Location differences: Two or more groups in different geographic areas were compared, and the choice of which area(s) received the intervention and control interventions was not made randomly. So, both this option and ‘other action of researchers’ could be ticked for a single study.

Treatment decisions: Intervention and control groups were formed by naturally occurring variation in treatment decisions. This option is intended to reflect treatment decisions taken mainly by the clinicians responsible; the following option is intended to reflect treatment decisions made mainly on the basis of subjects’ preferences. If treatment preferences are uniform for particular provider ‘units’, or switch over time, both this option and ‘location’ or ‘time’ differences should be ticked.

Patient preferences: Intervention and control groups were formed by naturally occurring variation in patients’ preferences. This option is intended to reflect treatment decisions made mainly on the basis of subjects’ preferences; the previous option is intended to reflect treatment decisions taken mainly by the clinicians responsible.

On the basis of outcome: A group of people who experienced a particular outcome of interest were compared with a group of people who did not, i.e. a case-control study. Note: this option should be ticked for papers that report analyses of multiple risk factors for a particular outcome in a large series of subjects, i.e. in which the total study population is divided into those who experienced the outcome and those who did not. These studies are much closer to nested case-control studies than cohort studies, even when longitudinal data are collected prospectively for consecutive patients.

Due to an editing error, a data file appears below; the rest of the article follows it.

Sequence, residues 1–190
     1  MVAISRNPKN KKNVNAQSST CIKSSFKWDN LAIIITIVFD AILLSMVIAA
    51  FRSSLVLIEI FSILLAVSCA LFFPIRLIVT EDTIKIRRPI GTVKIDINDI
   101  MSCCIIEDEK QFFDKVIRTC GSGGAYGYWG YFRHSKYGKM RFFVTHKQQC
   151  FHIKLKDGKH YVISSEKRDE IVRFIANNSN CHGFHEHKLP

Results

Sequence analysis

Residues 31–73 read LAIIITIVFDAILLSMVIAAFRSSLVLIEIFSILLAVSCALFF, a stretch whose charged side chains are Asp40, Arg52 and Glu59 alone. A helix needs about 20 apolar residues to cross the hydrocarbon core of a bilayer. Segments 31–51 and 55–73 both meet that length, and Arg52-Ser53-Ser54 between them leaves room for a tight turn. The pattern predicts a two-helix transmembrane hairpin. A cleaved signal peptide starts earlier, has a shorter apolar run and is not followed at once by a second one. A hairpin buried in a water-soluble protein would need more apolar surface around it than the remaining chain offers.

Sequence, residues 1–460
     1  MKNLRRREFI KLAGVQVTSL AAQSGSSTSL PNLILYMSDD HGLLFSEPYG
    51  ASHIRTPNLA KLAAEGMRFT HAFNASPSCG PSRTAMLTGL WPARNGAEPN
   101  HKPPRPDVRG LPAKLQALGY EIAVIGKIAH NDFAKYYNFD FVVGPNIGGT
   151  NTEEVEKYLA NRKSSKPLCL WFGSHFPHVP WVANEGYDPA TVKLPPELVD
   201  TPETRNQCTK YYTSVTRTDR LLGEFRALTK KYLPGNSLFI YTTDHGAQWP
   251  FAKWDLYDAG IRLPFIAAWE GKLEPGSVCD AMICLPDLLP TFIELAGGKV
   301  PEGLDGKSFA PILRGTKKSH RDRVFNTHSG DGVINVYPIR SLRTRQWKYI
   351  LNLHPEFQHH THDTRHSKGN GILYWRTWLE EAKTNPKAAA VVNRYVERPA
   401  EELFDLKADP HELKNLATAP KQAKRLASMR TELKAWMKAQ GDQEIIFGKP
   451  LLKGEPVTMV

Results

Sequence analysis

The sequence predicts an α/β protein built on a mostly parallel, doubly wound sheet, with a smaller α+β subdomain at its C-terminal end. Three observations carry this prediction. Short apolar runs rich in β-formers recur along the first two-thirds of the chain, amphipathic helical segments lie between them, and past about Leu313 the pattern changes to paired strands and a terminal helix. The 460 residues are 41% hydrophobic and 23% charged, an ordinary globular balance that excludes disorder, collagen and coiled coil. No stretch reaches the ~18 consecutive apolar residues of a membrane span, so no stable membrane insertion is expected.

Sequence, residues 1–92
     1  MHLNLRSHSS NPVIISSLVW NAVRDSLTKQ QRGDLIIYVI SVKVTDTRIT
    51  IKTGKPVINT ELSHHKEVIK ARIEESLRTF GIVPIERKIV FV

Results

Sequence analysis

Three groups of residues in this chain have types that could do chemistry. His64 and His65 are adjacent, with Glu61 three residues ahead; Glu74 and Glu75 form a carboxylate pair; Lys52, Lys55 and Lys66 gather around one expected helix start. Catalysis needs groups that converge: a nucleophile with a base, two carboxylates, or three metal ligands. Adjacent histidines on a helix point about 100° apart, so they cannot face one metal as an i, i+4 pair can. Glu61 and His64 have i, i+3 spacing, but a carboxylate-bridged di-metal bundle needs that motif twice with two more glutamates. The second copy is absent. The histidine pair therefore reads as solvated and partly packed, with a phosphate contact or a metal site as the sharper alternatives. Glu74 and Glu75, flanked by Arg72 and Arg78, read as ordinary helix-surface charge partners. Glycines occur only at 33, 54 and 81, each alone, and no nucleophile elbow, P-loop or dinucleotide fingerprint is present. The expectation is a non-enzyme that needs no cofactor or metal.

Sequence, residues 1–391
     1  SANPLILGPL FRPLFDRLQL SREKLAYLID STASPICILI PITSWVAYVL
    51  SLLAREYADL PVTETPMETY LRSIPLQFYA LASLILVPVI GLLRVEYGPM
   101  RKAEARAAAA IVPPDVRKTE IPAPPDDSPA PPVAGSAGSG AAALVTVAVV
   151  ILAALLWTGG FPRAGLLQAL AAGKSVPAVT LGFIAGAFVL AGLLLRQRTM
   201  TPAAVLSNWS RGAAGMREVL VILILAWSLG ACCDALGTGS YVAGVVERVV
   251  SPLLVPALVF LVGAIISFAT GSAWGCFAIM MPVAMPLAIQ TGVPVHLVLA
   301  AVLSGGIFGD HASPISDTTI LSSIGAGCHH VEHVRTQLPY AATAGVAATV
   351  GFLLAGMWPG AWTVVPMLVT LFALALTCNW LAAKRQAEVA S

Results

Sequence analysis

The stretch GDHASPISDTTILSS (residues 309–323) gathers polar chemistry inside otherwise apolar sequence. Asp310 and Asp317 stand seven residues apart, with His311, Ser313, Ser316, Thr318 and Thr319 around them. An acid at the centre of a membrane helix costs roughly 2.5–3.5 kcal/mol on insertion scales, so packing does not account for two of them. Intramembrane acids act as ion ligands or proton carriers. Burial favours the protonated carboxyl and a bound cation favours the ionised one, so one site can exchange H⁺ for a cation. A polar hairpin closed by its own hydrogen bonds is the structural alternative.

Additional options for cluster-allocated studies.

Location differences: see above.

Policy/public health decisions: Intervention and control groups were formed by decisions made by people with the responsibility for implementing policies about public health or service provision. Where such decisions are coincident with clusters, or where such people are the researchers themselves, this item overlaps with ‘other action of researchers’ and ‘cluster preferences’.

Cluster preferences: Intervention and control groups were formed by naturally occurring variation in the preferences of clusters, e.g. preferences made collectively or individually at the level of the cluster entity.

Which parts of the study were prospective?

These items aim to describe which parts of the study were conducted prospectively. In a randomized controlled trial, all four of these items would be prospective. For NRS it is also possible that all four are prospective, although inadequate detail may be presented to discern this, particularly for generation of hypotheses. In some cohort studies, participants may be identified, and have been allocated to treatment retrospectively, but outcomes are ascertained prospectively.

On what variables was comparability of groups assessed?

These questions should identify ‘before-and-after’ studies. Baseline assessment of outcome variables is particularly useful when outcomes are measured on continuous scales, e.g. health status or quality of life.

Response options

Try to use only ‘Yes’, ‘No’ and ‘Can’t tell’ response options. ‘N/a’ should be used if a study does not report a comparison between groups.